All that Jazz is a movie that shot up on my list of favorites from the moment is started playing. It’s a fascinating film all about how life intersects with art, all done in a remarkably unique style and featuring great performances. While the film’s end may fall a bit short of its opening promise, All that Jazz is still a beautiful testament to artistic genius.
Joe Gideon (Roy Scheider) is an overworked Broadway director and choreographer, trying to put on a new show, edit his second film, and juggle his ex-wife Audrey (Leland Palmer), daughter Michelle (Erzsebeth Foldi), and mistress Katie (Ann Reinking) all through heavy drug and alcohol use. Realizing that he is dying, he imagines the saga of his life and decline as a stage show, relating his experiences to Angelique (presumably some sort of angel of death, played by Jessica Lange) who listens as he prepares. As he goes into heart surgery, his existence is consumed by his imaginary show of his own death.
The film is a lot of ways a character study of Joe himself, played to the hilt by Roy Scheider. He fits right into the theater archetype, doing anything to get his vision on stage (or film). We see him start his day periodically throughout the film, with Vivaldi, Dexedrine, Alka-Seltzer, eye drops, and a cigarette in the shower. Held together with drugs, he goes about his work, only stopping to bang some anonymous dancers. He is certainly a despicable person at times, but glories at his debasement in service of his art. The musical numbers relating to his death certainly reflect this combination of high and low opinions Joe has of himself, with Ben Vereen insulting him gleefully as he introduces his death.
The musical numbers in the film are used quite ingeniously, as this isn’t your ordinary musical but more of a several days in the life movie plus some musical hallucinations. Still, they play an integral part in the film. The early ones are ones Gideon designs for his show (“Take Off With Us”), but the later ones are all in his imagination. They include accusations hurled at him by the women in his life, which are all fairly short and fantastically done. To add a layer of commentary, Gideon directs them himself sitting next to his immobile body in his hospital bed. The final number, “Bye Bye Life,” symbolizing his death somehow is a little bit of a let down. It doesn’t ruin the picture or anything, but it is not quite the ending the film has been building up to. Sure, it continues Gideon’s agonized self-congratulation, but I suppose it’s somehow diluted by the use of a familiar song and the presence of Ben Vereen, who upstages Scheider a bit.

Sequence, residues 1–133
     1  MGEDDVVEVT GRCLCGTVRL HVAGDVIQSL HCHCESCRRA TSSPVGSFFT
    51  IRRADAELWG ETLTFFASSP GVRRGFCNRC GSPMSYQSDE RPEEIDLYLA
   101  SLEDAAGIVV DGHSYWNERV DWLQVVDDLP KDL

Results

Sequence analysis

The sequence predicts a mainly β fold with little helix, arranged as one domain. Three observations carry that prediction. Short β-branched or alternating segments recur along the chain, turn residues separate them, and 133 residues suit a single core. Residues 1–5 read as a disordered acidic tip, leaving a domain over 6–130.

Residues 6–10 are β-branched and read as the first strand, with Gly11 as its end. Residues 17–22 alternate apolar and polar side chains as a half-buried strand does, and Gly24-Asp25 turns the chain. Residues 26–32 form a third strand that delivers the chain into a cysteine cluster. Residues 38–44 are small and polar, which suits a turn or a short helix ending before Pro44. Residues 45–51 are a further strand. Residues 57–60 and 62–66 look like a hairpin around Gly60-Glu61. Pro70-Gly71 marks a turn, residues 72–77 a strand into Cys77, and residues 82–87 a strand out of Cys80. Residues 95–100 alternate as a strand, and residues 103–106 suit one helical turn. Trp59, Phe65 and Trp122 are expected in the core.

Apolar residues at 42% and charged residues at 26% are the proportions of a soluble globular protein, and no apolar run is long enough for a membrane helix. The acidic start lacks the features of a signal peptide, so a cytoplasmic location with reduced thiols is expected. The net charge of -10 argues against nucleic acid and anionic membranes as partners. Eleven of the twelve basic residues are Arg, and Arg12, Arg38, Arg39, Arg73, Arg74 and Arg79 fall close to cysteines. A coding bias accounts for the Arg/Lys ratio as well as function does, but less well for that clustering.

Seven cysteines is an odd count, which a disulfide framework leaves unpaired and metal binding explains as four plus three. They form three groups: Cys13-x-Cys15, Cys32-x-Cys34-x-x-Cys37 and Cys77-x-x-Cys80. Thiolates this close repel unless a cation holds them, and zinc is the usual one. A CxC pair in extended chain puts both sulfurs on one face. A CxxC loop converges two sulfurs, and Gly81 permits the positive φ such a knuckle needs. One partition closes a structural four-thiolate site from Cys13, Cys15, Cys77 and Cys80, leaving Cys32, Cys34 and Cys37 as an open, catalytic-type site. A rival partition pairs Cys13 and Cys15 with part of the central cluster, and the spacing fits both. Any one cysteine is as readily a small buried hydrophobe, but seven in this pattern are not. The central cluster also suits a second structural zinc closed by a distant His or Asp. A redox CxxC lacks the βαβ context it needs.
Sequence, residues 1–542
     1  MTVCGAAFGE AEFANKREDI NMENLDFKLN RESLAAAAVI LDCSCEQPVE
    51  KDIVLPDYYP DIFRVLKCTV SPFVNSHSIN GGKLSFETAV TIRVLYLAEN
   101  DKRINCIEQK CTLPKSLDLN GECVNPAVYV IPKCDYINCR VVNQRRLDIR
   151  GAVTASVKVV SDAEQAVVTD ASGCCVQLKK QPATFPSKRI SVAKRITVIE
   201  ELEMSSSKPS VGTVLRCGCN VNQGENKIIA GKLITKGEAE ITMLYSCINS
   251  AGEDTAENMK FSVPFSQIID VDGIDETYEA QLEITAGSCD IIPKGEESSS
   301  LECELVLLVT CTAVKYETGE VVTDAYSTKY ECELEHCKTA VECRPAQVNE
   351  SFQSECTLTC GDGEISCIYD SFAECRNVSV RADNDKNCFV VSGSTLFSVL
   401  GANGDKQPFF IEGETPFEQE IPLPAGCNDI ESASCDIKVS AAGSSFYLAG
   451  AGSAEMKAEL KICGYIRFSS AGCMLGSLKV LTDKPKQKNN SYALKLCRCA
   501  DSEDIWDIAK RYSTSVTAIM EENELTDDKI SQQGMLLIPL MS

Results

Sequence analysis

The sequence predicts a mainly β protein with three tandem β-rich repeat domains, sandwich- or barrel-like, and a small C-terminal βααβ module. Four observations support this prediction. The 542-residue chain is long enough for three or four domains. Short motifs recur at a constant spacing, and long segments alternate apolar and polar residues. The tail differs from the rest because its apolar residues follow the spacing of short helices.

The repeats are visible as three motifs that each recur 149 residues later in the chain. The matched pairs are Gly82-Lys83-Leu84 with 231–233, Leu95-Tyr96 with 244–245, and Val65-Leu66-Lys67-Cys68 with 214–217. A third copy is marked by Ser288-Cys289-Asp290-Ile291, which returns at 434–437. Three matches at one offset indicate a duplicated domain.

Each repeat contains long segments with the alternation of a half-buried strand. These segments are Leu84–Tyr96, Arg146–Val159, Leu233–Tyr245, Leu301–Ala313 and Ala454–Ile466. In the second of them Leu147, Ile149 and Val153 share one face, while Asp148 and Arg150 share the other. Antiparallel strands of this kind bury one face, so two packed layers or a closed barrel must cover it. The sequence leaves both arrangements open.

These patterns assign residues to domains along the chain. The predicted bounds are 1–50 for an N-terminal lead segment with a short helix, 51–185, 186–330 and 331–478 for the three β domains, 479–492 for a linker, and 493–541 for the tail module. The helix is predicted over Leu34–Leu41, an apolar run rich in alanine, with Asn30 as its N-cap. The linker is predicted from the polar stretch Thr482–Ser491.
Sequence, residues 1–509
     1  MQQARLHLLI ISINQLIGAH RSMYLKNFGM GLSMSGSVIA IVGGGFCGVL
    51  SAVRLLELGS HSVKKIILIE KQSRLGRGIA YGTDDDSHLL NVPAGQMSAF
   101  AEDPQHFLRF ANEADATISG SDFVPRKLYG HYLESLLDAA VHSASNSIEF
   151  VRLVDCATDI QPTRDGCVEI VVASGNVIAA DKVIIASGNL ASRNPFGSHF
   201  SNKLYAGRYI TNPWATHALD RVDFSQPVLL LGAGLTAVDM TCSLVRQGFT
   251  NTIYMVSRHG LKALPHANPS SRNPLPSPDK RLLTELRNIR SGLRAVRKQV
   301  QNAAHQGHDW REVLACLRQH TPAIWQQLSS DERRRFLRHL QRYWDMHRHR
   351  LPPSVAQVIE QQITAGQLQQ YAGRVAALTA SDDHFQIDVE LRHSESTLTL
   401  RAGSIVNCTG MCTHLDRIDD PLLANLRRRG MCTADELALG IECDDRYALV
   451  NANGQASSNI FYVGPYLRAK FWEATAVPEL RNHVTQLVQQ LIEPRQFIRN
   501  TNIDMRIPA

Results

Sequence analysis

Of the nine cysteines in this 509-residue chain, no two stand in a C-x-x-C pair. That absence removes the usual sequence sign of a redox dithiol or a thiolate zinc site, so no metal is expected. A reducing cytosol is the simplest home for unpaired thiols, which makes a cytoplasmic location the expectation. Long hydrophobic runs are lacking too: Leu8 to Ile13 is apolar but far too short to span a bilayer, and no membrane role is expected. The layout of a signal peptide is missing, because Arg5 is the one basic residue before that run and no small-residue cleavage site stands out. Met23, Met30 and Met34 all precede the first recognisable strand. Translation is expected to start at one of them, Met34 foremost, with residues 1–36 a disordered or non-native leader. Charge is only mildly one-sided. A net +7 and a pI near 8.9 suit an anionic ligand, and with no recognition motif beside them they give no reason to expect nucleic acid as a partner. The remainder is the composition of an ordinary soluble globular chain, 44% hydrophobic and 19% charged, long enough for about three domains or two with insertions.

All that Jazz is all about Gideon, but it’s also about art. Fosse cleverly uses the musical numbers, editing, and the production design to convey the difference between Gideon’s indulgent artistic fantasies and his actual life. The editing in the film is clearly influenced by the French New Wave, often taking moments out of context and simply cutting out parts of conversations that are deemed unimportant. The production design is especially interesting because most of the story, the “real” part, takes place in regular space, but the imagined show part takes place backstage, onstage, and on a movie set. It’s cool to have the space reflect the real world and Gideon’s artistic imaginings.
All that Jazz is a great film. It’s one of the best movie musicals I’ve ever seen, though it isn’t you standard movie musical. The ending might be a slight letdown, but it doesn’t hold the film back that much. It’s part confession, part excuse, and a lot of self-indulgence, but it’s also a thoughtful commentary on art’s purpose and an insightful character study.
“It’s showtime, folks!”
Long story short: 4/4 stars
For Further Reading: